Asked by lomi-lomi 5 years ago
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In otherwise healthy individuals, myofascial (muscles and tissue) pain is usually the result of a combination of factors. From postural habits to emotional tension and work related influences, a host of vectors will always “push and pull”, creating so called “trigger points”, highly sensitive and painful areas in the muscles. Deep Tissue Massage is a good way to deactivate them and alleviate the symptoms.
What you need:
Going to a generic massage “once every month” won’t solve your problem. You have to have several Deep Tissue Massage sessions with a therapist trained in Trigger Points Therapy.
How many? Although immediate improvements have always been reported, no professional therapist will tell you how many sessions will be needed, as each body has its own healing pattern. First session should be a comprehensive consultation and last around 90mins. From there on, just give feedback and see if the symptoms change. As a rule of thumb, if after three sessions there is no change, then you either have the wrong therapist or you need indeed referral to a different therapy specialist.
What to ask:
If the therapist has Deep Tissue training, if he is conversant with Trigger Points Techniques, if he or she has any palpation skills (essential for finding these tensed areas)
For your info:
The main muscles involved are: Back Pain - trapezius, erector spinae, rhomboids, serratus group and sometimes latissimus dorsi. For lumbar pain there are others but from your message I gather that you are talking more about the superior back. Neck Pain – Levator Scapulae, Splenius Cervicis, Semispinalis and of course, the mother of all headaches, SCM (Sternocleidomastoid)
A word of caution: Massage is able to alleviate the symptoms and bring back the balance in your affected myofascial area. However, without changes in your lifestyle, the problems will come back, so a long-lasting solution is always holistic. Check and improve your posture (see a specialist for that) and learn to relax and meditate. The list is not exhaustive but is a good place to start. Ah, and have some fun, laugh every day and the rest…, you know already …
Sources: Thomas W. Myers -"Anatomy Trains"-
Leon Chaitow - "Palpation and Assessment Skills" , "A Massage Therapist's Guide to Understanding, Locating and Treating Myofascial Trigger Points"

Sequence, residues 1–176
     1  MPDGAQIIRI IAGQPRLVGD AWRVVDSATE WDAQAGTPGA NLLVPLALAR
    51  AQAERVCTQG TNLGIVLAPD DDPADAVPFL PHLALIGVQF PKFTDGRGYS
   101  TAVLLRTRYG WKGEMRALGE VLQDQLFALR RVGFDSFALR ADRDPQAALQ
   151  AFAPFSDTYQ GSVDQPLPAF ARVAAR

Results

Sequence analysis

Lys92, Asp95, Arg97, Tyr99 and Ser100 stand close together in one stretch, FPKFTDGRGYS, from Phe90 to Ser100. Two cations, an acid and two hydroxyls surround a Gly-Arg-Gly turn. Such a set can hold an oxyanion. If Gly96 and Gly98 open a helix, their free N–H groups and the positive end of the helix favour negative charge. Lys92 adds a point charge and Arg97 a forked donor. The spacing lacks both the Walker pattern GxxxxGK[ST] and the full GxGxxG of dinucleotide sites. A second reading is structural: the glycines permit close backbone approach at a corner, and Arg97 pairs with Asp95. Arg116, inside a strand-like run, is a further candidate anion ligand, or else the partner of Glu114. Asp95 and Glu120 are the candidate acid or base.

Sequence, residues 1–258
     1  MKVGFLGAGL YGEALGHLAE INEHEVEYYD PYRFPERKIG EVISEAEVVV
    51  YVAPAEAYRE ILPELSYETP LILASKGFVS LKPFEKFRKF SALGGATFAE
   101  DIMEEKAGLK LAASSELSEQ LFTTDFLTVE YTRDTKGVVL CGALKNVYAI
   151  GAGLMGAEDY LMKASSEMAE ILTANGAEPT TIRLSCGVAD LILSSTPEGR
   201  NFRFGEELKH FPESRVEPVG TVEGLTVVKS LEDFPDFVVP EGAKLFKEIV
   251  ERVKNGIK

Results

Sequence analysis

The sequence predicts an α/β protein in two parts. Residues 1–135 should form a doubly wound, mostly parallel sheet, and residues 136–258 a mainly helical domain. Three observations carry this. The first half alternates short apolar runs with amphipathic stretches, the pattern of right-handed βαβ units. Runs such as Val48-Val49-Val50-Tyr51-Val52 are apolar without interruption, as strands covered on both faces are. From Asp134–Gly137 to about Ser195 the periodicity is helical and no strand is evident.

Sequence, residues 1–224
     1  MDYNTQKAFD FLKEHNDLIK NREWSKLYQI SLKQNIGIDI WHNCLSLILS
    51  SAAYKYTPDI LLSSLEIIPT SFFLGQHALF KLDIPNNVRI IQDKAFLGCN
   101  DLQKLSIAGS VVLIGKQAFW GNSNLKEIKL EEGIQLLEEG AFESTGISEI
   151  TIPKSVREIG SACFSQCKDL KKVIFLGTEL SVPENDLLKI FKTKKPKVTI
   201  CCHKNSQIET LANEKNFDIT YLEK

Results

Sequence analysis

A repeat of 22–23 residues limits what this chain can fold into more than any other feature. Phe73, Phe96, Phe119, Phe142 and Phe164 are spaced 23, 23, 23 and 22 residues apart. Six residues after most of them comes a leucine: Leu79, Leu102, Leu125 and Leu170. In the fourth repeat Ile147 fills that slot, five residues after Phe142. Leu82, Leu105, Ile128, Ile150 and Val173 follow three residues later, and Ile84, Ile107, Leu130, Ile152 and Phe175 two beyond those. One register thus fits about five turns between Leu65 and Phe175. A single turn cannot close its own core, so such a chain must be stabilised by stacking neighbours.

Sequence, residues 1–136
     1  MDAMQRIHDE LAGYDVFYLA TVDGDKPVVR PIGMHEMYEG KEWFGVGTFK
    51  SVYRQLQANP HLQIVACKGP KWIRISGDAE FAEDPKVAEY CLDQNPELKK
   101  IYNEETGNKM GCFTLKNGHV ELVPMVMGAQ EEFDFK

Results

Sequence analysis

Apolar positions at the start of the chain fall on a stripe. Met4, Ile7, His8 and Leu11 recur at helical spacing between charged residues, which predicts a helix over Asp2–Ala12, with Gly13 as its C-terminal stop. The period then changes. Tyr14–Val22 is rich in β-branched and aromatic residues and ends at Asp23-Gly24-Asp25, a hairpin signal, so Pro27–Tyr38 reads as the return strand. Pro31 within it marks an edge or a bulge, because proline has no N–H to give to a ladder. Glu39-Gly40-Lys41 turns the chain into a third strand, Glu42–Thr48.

harmonymaros 5 years ago
I must see your back and then I tell you. I am expert on the spine and can help you
Registrdluzniku 5 years ago
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Registrdluzniku 5 years ago
looks like this guy is a bit dangerous , you can find him on facebook declaring himself as Chiropractic specialist http://www.facebook.com/?ref=logo#!/pages/Cesi-a-Slovaci-v-UK/149775216511
the-chattanoogan-spa 5 years ago
Experienced therapists that have been in the business for a while (5 or more years) and have certifications in skeletal or allignment massage may be able to tell you if you need to see a specialist but most therapists probably would not suggest this unless they're very sure.
If you're going every month and still experiencing pain, talk with your doctor and get their advice on going to a specialist.
tink10 5 years ago
If your back pain is not alleviated after your massage and is still causing you discomfort I would look into your posture and work out if everything was as it should be, I would suggest some solutions to help you there, and if after working on posture you are still in pain I would refer you to your doctor.
vickiraven 5 years ago
I would agree there are probably multiple factors. If you have tried massage and have recurring symptoms I would recommend seeing a chiropractor. They can xray your neck and check whether you have an underlying skeletal problem. But also think very hard about your posture and actions and check whether you habitually do anything that creates adverse tension in any set of muscles.
backcareclinic 5 years ago
Why not help out and give your answer to the question?Osteopaths
backcareclinic 5 years ago
I am an osteopath, who also uses a powered spinal mobiliser, Theraflex. A massage is always nice and feels good but does not correct a spine if you are having problems with stiffness, pain or postural problems. We also use a SpinalMouse for diagnostic purposes to assess the spine for posture, flexibility and core muscle strength and also measure changes in our treatment. Although I may use massage as part of a treatment, I never discourage patients from having one on a regular basis, but if it used for pain and stiffness it may not correct the problem, which may be why you are attending so frequently.
andys 5 years ago
A Osteopath or Chiropractor will both take a full consultation from you to see if they can help, both deal with bone problems and a lot more.I would see one of these first for a course of treatments if required and then return to my regular massage to help keep the tension away. If its a bone problem or nerve this has to be treated first and then the massage to keep the muscles relaxed. See which one gives the best results for your condition.If in pain after regular massage treatments then you no you need to look for more specialist treatments to help you.